The US Economy: What Happens Next?

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Duration 00:56:34

Tufts University

Michael Klein is the William L. Clayton Professor of International Economic Affairs at Tufts University. He served as the Chief Economist in the Office of International Affairs of the United States Department of the Treasury from 2010-2011. He is a Research Associate of the National Bureau of Economic Research, a Non-Resident Senior Fellow of the Brookings Institution, and an Associate editor of the Journal of International Economics. He has been a visiting scholar at the International Monetary Fund, the Board of Governors of the Federal Reserve, the Federal Reserve Bank of Boston, the Federal Reserve Bank of New York, and the Federal Reserve Bank of San Francisco.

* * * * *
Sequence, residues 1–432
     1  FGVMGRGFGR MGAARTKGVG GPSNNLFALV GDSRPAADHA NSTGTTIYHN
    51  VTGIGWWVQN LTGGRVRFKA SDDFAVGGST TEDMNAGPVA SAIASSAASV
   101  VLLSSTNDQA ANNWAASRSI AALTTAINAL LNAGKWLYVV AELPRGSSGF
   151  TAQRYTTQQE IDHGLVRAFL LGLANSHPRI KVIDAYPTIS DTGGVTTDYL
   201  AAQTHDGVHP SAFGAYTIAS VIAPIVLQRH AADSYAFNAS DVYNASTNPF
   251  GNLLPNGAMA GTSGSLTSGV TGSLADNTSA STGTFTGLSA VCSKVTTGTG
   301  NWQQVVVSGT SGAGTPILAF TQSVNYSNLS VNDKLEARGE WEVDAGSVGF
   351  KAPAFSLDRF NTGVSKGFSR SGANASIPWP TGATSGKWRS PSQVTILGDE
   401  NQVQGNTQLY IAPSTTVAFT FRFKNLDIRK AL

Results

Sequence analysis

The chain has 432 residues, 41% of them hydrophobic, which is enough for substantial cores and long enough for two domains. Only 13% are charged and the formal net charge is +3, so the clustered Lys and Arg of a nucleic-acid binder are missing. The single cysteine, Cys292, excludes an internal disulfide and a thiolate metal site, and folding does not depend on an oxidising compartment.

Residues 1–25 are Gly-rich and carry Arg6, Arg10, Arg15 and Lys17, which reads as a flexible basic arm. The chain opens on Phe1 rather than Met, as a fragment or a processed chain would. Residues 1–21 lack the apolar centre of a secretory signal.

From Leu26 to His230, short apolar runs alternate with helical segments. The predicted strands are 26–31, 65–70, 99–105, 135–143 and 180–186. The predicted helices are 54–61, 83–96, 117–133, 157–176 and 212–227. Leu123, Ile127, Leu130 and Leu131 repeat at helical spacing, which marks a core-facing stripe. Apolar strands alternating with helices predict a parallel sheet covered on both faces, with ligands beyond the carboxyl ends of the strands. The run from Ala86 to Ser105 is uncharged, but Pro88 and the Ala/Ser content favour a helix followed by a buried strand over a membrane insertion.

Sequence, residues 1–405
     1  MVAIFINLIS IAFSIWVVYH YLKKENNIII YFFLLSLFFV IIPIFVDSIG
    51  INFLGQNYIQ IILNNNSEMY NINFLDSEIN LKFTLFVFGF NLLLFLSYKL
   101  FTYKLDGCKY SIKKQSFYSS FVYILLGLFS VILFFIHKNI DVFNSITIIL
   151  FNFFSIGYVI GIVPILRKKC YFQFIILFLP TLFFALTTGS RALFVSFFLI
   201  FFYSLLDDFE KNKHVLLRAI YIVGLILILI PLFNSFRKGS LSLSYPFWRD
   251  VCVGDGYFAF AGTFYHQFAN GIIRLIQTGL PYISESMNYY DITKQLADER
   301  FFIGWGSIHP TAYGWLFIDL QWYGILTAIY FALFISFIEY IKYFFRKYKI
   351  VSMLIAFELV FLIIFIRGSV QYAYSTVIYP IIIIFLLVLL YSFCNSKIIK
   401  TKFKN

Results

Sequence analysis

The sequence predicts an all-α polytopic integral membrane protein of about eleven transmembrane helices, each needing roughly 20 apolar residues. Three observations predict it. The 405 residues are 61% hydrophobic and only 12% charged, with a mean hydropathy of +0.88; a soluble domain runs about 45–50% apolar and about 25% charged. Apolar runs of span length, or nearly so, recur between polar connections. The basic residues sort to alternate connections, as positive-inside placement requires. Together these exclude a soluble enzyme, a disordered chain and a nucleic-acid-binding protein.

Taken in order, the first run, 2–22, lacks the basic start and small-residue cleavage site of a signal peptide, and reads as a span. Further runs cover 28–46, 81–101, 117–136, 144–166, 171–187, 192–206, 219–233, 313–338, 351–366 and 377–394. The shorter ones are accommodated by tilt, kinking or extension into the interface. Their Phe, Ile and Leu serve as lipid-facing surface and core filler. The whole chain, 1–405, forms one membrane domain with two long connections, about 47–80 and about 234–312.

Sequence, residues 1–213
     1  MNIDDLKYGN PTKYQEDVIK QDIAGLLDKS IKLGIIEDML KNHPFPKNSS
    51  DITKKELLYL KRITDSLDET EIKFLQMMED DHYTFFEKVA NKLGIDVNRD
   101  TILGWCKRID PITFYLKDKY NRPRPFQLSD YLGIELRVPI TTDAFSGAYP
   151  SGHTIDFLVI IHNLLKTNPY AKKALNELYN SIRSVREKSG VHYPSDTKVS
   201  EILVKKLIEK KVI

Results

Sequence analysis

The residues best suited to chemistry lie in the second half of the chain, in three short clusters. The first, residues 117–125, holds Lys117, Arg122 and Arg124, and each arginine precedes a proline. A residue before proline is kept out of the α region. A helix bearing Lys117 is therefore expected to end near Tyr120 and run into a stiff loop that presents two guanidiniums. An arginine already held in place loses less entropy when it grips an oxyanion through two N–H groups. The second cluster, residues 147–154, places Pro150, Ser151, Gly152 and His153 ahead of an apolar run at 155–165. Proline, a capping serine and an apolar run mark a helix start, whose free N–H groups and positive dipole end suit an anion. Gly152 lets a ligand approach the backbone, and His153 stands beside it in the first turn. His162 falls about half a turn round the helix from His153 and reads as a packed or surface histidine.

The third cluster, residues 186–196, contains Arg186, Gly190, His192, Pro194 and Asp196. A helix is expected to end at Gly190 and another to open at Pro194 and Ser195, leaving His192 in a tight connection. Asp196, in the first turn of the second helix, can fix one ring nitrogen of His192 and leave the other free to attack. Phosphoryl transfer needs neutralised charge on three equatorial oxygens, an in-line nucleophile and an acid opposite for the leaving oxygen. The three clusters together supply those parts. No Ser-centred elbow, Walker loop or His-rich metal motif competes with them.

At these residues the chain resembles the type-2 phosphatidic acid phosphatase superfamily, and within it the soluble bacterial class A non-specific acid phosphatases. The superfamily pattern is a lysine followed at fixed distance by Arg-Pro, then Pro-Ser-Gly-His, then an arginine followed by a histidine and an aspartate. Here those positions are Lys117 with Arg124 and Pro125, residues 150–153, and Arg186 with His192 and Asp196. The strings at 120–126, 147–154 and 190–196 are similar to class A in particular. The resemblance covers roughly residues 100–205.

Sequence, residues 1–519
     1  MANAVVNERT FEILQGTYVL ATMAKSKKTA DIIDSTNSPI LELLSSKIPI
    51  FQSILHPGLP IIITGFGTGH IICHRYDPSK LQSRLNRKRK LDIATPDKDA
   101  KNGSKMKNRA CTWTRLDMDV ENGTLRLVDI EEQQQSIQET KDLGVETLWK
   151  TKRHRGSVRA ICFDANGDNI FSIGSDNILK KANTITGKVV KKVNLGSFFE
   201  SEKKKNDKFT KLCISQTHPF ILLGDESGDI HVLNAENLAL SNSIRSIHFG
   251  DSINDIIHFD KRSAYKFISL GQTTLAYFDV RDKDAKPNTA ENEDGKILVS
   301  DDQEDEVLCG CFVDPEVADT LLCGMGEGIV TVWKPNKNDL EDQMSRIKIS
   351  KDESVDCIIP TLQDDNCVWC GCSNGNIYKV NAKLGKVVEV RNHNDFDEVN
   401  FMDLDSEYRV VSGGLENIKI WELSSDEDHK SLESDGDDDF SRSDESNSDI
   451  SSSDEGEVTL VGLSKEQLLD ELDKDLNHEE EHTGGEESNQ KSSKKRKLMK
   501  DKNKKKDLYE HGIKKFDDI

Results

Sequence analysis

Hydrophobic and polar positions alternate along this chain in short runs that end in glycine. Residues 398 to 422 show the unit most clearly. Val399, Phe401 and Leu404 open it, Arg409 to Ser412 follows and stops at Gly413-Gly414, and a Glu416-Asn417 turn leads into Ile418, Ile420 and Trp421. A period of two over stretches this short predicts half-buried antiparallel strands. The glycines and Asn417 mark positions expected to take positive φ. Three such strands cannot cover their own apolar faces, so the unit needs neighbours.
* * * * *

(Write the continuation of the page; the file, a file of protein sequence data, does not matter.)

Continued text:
The US economy has certainly absorbed all sorts of “shocks to the system” in the 250 years since America’s founding but it has never experienced anything like the massive jolt of the past few weeks. Wildly high unemployment filings, huge government bailout plans for both individuals and businesses, and social changes that may have seemed temporary just last month now seem to be permanent. Couple that with a federal government whose branches cannot seem to effectively coordinate their responses and one knows we are in unexplored territory.

      In fact, the worldwide coronavirus pandemic is likely to hit emerging markets and developing economies harder than economies in richer countries. Not only are their public health systems under-resourced to deal with the outbreak, making the containment and treatment of the disease more difficult, but their economies are already being battered by the way in which the pandemic is impacting global demand and financial markets. Where are we and the rest of the world headed in the coming months and years? That’s the sober and disturbing focus of this of-the-moment class.



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